KUALA LUMPUR: Malaysia chose the “Road Less Travelled” when it embarked on its transformation plan, says Pemandu president and CEO Datuk Seri Idris Jala.
Quoting the famous poem by Robert Frost, Idris said when he was asked to join the Government in 2009, it was at a crossroads.
He said a survey showed that 90% of the high-income nations had achieved their status via the “road most travelled.”
“However, there was a wide income disparity and unsustainable fiscal position with high government debt and fiscal deficit in these countries,” he said at the Global Transformation Forum 2017.
He cited countries like Greece, Japan, the United States and Italy which had high government debt levels, describing it as a floating iceberg.
“That was the pathway we followed until 2009. We looked at that road and we didn’t like it,” said Idris.
Malaysia, he said, decided to instead take the road less travelled, which was being followed by countries like Switzerland, Sweden and Denmark that had manageable debt levels and a sustainable fiscal position.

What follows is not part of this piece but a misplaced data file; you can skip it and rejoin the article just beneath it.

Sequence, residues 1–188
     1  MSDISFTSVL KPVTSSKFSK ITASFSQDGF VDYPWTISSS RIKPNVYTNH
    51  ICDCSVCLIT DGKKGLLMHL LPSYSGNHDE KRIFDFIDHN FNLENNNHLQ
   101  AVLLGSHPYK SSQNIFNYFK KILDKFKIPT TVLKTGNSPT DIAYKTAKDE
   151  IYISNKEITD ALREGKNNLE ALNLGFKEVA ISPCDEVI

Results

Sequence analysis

To put this into place, he said the Government made so many promises in the Economic and the Government Transformation Programmes that it was almost akin to being “pregnant”.
“And when you’re pregnant, you have to deliver,” he said to laughter from the delegates.
Following the introduction of these programmes, Idris said Malaysia had managed to narrow its gap of 33% on the middle income level to 15% as well as reduce its fiscal deficit from 6.7% of the GDP in 2009 to 3.1% in 2016.
“We are no longer stuck in middle income.”
The Government’s aggregate KPI scores on its performance, he added, were also consistently ahead of target in every report, with 106% in 2015.
The next report on the KPI for 2016 will be out on April 25.
Sharing an anecdote, Idris said when he was in the Government, the Prime Minister would often call the ministers on a Friday when something that was supposed to be implemented was not carried out.
“Why Friday? So their weekend would be spoilt,” he quipped.
Closing his session with a recital of the poem, Idris said there were three transformational leadership qualities – pursuit of the impossible game, ruthlessness in prioritisation and discipline of action.
Close to 3,000 delegates from 76 countries are attending the Global Transformation Forum.